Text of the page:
“I would like to see more women becoming mayors, local councilors or try their luck in other fields. Women are becoming more and more involved in various fields of activity. In our locality, but also in the whole country, the stereotypes that a woman should only stay in the kitchen are disappearing” – she mentions.
Tatiana work does not stop here, she is actively engaged in opening a museum in a framework of a school building from 1935, with the aim to preserving its authenticity but also promoting Moldovan cultural heritage.
Maria Galit is a mayor from Sarata Veche, a rural commune in Falesti district, located 125 km away from the capital and known by its women leaders. Maria is at her fourth mandate in Sarata Veche and is the third women mayor in a row in this commune. She shared with us her experience of building trusting relationship with citizens of her community.
“People are very open and there aren’t any communication barriers between us. They can also come with some criticism that we appreciate and thus they also consider themselves appreciated. Locals need to get involved to change something. From the beginning, people were more skeptical towards open participatory governance, now it is enough to give an announcement that the mayor is coming to visit, and they are willing to talk about the problems of the locality”- shares Maria.
Before running for mayor, Maria worked in the mayor's office for 5 years. When she was appointed, she was aware of how things are going in her locality. She says that “In rural areas more women are involved in decision-making processes. Women are active, they participate in everything. I am spending a lot of time at work. My family never limits me, but I do not think that's fair. I should spend more time with them, but I'm glad they're understanding”.
Maria defies the gender stereotypes about women being less fit for public office because they cannot combine professional and private life, or they are not as reliable as men would be. During her mayorship, Maria introduced consultations and participation of citizens in finding solutions to local problems. Through participatory governance, problems with solid waste management and water supply were solved in the village of Sarata Veche.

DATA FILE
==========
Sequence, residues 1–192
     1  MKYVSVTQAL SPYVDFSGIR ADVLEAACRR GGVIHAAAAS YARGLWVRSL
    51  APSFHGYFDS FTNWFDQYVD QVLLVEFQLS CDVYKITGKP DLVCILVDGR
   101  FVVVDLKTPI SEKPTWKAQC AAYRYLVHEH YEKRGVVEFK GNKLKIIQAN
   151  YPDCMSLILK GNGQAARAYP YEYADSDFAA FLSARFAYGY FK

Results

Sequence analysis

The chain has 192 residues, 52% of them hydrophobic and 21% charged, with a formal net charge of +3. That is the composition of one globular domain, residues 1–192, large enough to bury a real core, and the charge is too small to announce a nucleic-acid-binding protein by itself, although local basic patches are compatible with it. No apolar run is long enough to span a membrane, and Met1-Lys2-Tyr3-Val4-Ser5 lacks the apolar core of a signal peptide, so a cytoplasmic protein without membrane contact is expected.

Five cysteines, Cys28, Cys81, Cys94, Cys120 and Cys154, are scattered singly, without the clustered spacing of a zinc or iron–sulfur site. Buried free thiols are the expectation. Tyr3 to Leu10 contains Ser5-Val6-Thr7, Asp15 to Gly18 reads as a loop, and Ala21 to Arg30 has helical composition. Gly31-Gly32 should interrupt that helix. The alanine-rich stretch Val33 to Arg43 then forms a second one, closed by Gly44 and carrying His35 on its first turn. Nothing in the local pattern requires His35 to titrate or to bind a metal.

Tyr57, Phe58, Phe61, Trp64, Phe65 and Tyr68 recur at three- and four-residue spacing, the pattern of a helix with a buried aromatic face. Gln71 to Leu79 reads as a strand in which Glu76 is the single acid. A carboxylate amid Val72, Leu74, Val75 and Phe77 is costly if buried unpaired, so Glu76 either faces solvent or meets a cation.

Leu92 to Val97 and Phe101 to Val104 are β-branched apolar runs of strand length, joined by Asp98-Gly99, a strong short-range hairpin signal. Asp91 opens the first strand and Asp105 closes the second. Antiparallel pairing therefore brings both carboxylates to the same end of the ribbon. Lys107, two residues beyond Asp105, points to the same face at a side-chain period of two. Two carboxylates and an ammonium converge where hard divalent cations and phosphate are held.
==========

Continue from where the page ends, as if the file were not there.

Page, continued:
“The most successful initiative is the project in which inhabitants have access to information. We organized trainings that helped citizens to better understand how the local public administration works. Following this training and consultations with locals, we opened a new kindergarten. All parents participated in the reparation process and today there are all the necessary conditions” – Maria said.
Recently, Maria hosted one of the virtual study visits for women mayors conducting their first mandates, in a series that was organized by UN Women Moldova in partnership with Congress of Local Authorities from Moldova (CALM) and funded by Sweden. These study visits aimed to share best practices in building resilience of communities led by women, including in the context of the COVID-19 pandemic.
“The COVID-19 pandemic impacted women disproportionally; 70% of women are engaged in the health sector; they are first line responders to the pandemic, the unpaid care work of women increased substantively with the introduction of lockdown measures and closure of schools, as well as the exposure to domestic violence. National and local recovery policies following the pandemic need to take into account the disproportionate impact on women and men, the different needs and priorities they have, as well as the diverse challenge they face caused also by the existing patriarchal norms and gender stereotypes. We at UN Women are glad to see that women in leadership, women mayors, are successfully defying those stereotypes, they serve as excellent leaders in their communities who involve women and men in decision making by voicing the problems and priorities and by engaging them to jointly find the solutions, which then result to be durable and sustainable” - says Dominika Stojanoska, UN Women Moldova Country Representative.
Elena,Tatiana and Maria took part in different UN Women programmes on supporting women’s leadership, realized in partnership with the Embassy of Sweden and can represent successful examples or role models for women from rural areas, young women or women from both rural and urban areas, who are aspiring to get involved in politics.